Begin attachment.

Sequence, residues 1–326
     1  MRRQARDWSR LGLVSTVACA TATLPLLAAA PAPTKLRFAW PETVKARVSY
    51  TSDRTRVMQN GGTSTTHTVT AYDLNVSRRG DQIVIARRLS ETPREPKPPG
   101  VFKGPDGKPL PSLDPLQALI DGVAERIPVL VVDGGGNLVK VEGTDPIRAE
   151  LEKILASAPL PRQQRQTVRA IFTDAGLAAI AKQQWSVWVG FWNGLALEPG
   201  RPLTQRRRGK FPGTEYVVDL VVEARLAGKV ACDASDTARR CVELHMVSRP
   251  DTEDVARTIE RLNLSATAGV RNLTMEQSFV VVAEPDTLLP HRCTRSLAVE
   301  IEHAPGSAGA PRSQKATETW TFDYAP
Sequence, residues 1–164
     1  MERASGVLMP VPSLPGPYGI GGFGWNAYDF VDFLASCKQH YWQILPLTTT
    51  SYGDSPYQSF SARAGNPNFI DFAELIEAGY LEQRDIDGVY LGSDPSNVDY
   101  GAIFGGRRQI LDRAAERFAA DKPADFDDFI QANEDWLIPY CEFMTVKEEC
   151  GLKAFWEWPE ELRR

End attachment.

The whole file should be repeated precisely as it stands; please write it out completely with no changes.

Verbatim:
Sequence, residues 1–326
     1  MRRQARDWSR LGLVSTVACA TATLPLLAAA PAPTKLRFAW PETVKARVSY
    51  TSDRTRVMQN GGTSTTHTVT AYDLNVSRRG DQIVIARRLS ETPREPKPPG
   101  VFKGPDGKPL PSLDPLQALI DGVAERIPVL VVDGGGNLVK VEGTDPIRAE
   151  LEKILASAPL PRQQRQTVRA IFTDAGLAAI AKQQWSVWVG FWNGLALEPG
   201  RPLTQRRRGK FPGTEYVVDL VVEARLAGKV ACDASDTARR CVELHMVSRP
   251  DTEDVARTIE RLNLSATAGV RNLTMEQSFV VVAEPDTLLP HRCTRSLAVE
   301  IEHAPGSAGA PRSQKATETW TFDYAP
Sequence, residues 1–164
     1  MERASGVLMP VPSLPGPYGI GGFGWNAYDF VDFLASCKQH YWQILPLTTT
    51  SYGDSPYQSF SARAGNPNFI DFAELIEAGY LEQRDIDGVY LGSDPSNVDY
   101  GAIFGGRRQI LDRAAERFAA DKPADFDDFI QANEDWLIPY CEFMTVKEEC
   151  GLKAFWEWPE ELRR